1.   Be slow to speak at your children and quick to listen to them. (James 1:19) We all need to be heard. From the youngest child to the oldest adult there is an innate need to be heard. One cause of conflict in parent and child relationships is that children often feel like their parents are not hearing them.  Ask yourself this question: When I get into conflicts and arguments with my child/children am I guilty of not hearing them and identifying their needs before I rush into ‘speaking’ at them? Try to lecture less, and listen more.

2. Remember that it is a fool who gives full vent to his anger. (Proverbs 29:11) Parents often have a sense of righteous indignation and reasons for being upset with their children, whether they have broken a trust or a valuable item or hurt someone. How we as adults and molders of our children’s sense of self-worth and emotional well-being must remain responsible and conscious of how we respond as opposed to react to our children’s errors. We must not over react like a volcano exploding molten lava on our children burning them and turning them into harden stones.

3.   Let nothing “unwholesome” come out of your mouth but only that which is useful to build up and edify your children. (Ephesians 4:29)  I often think of the gruesome experience I had way back in kindergarten in the early 70’s. Every day the milk lady would bring a tray of milk into the class room and place it on top of the heater at about 9:00 AM and after lunch at about 11:30 the teacher would hand out 1 pint size carton of milk with the word “Wholesome” written on it. One day the milk turned sour and you can just imagine the unwholesome rain of vomit that came out of our little mouths all over that stuffy kindergarten classroom.  When using words with our children such as: calling them a name, comparing them to someone or something else or using profanity to express our feelings of disapproval with them it will increase the hostility that may exist and decrease any chance of cooperation. The most powerful thing we have for good is our words, which can be wholesome and build up our children, when a parent uses vile and wicked words they tend to leave destructive emotional scars in our children’s minds that destroy them over a span of a life time.  So, let nothing unwholesome come from your mouth but only that which is useful to build up and edify your children.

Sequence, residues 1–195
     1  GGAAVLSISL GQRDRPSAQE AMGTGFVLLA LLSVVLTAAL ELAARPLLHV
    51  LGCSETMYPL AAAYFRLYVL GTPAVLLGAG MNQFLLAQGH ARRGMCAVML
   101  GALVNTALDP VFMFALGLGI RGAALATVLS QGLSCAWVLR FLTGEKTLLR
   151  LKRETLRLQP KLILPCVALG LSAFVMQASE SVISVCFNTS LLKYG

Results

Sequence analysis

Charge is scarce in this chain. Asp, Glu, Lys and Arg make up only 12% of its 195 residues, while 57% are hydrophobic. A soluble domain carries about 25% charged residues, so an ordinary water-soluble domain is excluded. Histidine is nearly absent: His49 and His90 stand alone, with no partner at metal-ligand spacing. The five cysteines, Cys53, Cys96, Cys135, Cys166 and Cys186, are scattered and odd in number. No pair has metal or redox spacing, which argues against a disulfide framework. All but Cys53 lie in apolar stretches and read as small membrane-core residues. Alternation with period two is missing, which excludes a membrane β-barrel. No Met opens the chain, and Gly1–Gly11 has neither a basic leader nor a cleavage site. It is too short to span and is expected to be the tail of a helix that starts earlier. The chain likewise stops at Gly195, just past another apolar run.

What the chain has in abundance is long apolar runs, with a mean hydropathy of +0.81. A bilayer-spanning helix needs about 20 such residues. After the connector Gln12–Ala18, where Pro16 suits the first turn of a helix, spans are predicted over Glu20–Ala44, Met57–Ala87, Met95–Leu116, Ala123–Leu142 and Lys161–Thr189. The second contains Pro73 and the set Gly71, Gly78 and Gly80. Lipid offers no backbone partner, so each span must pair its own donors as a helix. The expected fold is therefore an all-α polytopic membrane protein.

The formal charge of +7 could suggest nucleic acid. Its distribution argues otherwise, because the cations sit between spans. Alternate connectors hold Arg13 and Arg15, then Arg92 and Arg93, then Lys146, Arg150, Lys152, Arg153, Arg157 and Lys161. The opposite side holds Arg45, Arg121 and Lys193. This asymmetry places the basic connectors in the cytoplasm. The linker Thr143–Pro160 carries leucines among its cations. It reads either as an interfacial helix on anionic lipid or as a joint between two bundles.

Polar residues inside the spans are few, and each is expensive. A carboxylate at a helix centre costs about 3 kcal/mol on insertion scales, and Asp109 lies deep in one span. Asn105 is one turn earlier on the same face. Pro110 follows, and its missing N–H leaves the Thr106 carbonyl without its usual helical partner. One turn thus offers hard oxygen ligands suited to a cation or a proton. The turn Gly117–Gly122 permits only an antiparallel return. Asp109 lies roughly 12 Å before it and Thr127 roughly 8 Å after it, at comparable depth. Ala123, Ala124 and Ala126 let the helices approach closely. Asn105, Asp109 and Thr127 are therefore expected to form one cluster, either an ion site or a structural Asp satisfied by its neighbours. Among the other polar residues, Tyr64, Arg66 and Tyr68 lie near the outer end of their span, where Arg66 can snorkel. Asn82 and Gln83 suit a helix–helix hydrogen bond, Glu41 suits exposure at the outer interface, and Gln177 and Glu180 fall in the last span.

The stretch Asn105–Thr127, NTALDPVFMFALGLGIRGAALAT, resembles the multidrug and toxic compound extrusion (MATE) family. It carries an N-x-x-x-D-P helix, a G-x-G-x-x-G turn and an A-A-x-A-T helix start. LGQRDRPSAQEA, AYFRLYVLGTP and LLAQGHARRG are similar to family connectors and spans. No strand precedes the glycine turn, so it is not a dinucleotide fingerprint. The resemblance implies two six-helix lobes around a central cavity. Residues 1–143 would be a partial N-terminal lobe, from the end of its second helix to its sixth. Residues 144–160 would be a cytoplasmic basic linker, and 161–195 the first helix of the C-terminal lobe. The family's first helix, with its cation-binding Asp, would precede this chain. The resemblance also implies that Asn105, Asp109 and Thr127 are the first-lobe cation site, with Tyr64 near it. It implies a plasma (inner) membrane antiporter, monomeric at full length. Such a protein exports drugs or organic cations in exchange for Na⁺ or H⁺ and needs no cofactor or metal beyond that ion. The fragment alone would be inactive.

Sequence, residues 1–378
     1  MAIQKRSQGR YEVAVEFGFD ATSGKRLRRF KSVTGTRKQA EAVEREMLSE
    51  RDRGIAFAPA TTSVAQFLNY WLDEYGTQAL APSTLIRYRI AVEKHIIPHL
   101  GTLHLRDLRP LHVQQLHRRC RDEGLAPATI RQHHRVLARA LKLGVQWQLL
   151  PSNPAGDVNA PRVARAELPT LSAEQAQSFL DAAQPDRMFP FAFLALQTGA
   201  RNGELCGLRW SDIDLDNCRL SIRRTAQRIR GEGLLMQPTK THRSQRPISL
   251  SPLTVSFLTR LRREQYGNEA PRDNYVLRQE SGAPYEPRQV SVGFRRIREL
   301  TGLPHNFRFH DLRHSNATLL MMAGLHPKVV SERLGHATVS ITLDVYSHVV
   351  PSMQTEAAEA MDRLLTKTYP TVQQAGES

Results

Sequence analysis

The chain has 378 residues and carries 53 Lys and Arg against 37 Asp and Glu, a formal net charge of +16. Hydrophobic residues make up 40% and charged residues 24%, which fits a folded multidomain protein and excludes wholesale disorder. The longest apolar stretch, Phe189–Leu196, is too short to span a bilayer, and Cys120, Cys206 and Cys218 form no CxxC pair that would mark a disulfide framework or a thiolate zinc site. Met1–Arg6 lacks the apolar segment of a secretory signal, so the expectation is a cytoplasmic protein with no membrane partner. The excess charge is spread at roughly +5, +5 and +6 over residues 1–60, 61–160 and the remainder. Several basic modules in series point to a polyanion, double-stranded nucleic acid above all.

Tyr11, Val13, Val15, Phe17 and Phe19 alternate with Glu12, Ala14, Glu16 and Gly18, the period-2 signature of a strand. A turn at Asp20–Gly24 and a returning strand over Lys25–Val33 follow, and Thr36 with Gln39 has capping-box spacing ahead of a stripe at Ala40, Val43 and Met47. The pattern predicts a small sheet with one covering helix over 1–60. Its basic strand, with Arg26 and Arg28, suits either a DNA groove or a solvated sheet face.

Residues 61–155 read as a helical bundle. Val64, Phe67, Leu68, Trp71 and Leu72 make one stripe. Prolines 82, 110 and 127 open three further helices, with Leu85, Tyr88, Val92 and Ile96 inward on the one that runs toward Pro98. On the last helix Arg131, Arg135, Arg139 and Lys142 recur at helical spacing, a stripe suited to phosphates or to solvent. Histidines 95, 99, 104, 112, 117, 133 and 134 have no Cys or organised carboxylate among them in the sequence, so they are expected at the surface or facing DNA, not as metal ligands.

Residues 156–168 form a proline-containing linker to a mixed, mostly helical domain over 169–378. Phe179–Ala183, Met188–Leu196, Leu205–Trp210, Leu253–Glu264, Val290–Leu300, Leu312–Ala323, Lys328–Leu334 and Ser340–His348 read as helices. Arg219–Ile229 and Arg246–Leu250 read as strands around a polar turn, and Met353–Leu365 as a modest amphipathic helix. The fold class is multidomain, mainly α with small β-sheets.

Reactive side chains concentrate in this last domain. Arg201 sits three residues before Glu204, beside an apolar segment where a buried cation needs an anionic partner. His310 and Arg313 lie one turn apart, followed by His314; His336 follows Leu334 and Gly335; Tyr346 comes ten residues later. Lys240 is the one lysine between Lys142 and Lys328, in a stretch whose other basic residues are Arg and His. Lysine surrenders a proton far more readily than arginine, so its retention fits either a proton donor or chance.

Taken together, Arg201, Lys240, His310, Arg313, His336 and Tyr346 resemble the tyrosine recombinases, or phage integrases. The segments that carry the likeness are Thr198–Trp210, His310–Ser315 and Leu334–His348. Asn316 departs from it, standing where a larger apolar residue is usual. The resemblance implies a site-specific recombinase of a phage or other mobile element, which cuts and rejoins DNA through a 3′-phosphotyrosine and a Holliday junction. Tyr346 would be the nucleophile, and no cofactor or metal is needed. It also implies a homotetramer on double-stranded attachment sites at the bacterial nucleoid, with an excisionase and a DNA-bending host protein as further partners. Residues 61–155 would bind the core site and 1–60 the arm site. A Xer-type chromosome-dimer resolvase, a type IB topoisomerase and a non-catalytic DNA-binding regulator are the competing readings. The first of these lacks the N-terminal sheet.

4.   Apply the following phrase to all of your requests when there is any form of resistance and let this phrase become a natural and positive way of redirecting your children:  When you _________ then you can__________.

a.    When you clean your room then you can play video games.

b.   When you eat (age of child i.e. 5) 5 bites of  each item of food then you can have dessert.

Apply this phrase to your own situation and see this powerful phrase work for you.  Here are some important rules to follow: Don’t yell the phrase instead say it with a calm yet stern voice. Don’t say it without expectation of completion; instead hold out your expectation of compliance to your well stated expectations that also takes into consideration what your child’s wants, desires or interests are. Be firm, be consistent and be reasonable in what you expect of your children based on their age, ability and skills. Last, give your child time to complete the task without allowing the positive reward or any other change of activity until the task is followed through as you stated it.  This could mean that if the stated phrase is: “when you finish all of your homework you can play;” then your child may take as long as they need to finish their homework, but until it is done they are not allowed to play: this should include go outside, skateboard, ride bikes, play on a phone or other video or electronic devices. If they delay completing their homework, they alone are keeping themselves from the reward. You do not need to add a punishment, yell at them, or do anything else. Just remind them to help motivate them every (age of the child in minutes).

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